I’m a graduate student in political science at York University.
And there are times – increasingly more times – that I can’t believe that I study politics.
And I’d like to suggest that this is precisely what Stephen Harper wants.
Personally, I think that it’s kind of telling that someone like me – a student who has, thus far, dedicated six years and more than thirty thousand dollars to actually studying politics – might be getting tired of what I used to find so interesting, and what I might have, at one time, been passionate about.
After all, if someone like me, who was so dedicated to studying politics, might tire of it, then what of everyone else in the country? Everyone out there who hasn’t spent countless hours and dollars studying politics, understanding the vagaries of political systems, wondering what votes might mean?
But, again, I’d like to suggest that this is what Stephen Harper wants. He wants everyone to tire of politics. And he’s well on his way to doing this.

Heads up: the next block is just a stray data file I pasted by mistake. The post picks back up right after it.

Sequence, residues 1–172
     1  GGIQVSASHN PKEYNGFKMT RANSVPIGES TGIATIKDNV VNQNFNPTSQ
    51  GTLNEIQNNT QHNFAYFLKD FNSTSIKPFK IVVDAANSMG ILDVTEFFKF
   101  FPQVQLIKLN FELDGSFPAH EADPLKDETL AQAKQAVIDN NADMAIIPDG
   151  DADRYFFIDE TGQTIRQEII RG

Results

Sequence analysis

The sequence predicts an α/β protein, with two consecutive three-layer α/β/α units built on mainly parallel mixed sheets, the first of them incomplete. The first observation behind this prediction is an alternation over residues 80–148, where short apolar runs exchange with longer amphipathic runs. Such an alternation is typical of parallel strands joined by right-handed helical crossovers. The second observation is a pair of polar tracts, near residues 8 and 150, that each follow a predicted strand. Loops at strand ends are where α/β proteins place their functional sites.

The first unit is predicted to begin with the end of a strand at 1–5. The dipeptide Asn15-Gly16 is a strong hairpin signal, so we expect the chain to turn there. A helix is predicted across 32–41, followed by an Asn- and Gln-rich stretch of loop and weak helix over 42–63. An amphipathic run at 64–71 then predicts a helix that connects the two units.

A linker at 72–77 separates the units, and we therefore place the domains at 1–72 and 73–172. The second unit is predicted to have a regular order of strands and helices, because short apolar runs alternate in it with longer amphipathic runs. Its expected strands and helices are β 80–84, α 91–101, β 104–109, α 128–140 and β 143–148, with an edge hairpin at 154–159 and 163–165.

Using a description written by Javier Auyero, when he was studying oligarchic and undemocratic practices in South America, Stephen Harper probably wants us to think of “politics [as] an activity alien to” the people. Harper probably wants us to exist in a scenario where politics “is defined as an action that is foreign to everyday life.”
And in such a situation, Harper wants the Conservative Party to appear beyond politics. He wants you to think of the Conservative Party as an apolitical, beneficent organization, that does good in the world. And that politics is alien, apart, separate from this.
Why would Harper, a politician of all things, want this?
Because politics has become something alien to all of us. And engaging in politics is then something foreign to us. So we won’t engage in politics. But thankfully, the Conservative Party will be there for us, if we need anything… because that’s not political.
In short, Harper is trying to construe politics – the very processes by which we, as a democratic society, ought to have broad discussions on our priorities and how we might live together – as something that we shouldn’t ever want to get involved in, so that he and his Conservative Party have all the control, all the power, and can do whatever they want.
And when I see this happening, I can’t believe that I actually study politics.
Over the past week and a bit, a number of ridiculous political events have taken place that serve to undermine the concept of the political in Canadian discourses.
(continued after the break!)